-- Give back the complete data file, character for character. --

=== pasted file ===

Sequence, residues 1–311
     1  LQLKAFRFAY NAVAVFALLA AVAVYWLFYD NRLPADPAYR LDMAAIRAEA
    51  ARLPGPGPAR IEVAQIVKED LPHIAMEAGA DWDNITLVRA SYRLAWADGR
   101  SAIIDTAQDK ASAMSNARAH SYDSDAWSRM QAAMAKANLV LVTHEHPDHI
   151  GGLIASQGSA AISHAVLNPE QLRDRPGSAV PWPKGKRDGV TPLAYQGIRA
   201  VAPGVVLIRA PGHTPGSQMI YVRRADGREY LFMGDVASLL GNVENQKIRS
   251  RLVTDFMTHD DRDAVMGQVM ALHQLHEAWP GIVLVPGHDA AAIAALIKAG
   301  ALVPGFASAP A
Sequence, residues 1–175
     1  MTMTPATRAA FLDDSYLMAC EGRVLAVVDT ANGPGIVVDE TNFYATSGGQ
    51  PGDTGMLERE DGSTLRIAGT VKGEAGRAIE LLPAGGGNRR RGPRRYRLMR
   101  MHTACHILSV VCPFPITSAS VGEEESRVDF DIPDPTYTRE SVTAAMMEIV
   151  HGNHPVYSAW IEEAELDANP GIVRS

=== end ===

Sequence, residues 1–311
     1  LQLKAFRFAY NAVAVFALLA AVAVYWLFYD NRLPADPAYR LDMAAIRAEA
    51  ARLPGPGPAR IEVAQIVKED LPHIAMEAGA DWDNITLVRA SYRLAWADGR
   101  SAIIDTAQDK ASAMSNARAH SYDSDAWSRM QAAMAKANLV LVTHEHPDHI
   151  GGLIASQGSA AISHAVLNPE QLRDRPGSAV PWPKGKRDGV TPLAYQGIRA
   201  VAPGVVLIRA PGHTPGSQMI YVRRADGREY LFMGDVASLL GNVENQKIRS
   251  RLVTDFMTHD DRDAVMGQVM ALHQLHEAWP GIVLVPGHDA AAIAALIKAG
   301  ALVPGFASAP A
Sequence, residues 1–175
     1  MTMTPATRAA FLDDSYLMAC EGRVLAVVDT ANGPGIVVDE TNFYATSGGQ
    51  PGDTGMLERE DGSTLRIAGT VKGEAGRAIE LLPAGGGNRR RGPRRYRLMR
   101  MHTACHILSV VCPFPITSAS VGEEESRVDF DIPDPTYTRE SVTAAMMEIV
   151  HGNHPVYSAW IEEAELDANP GIVRS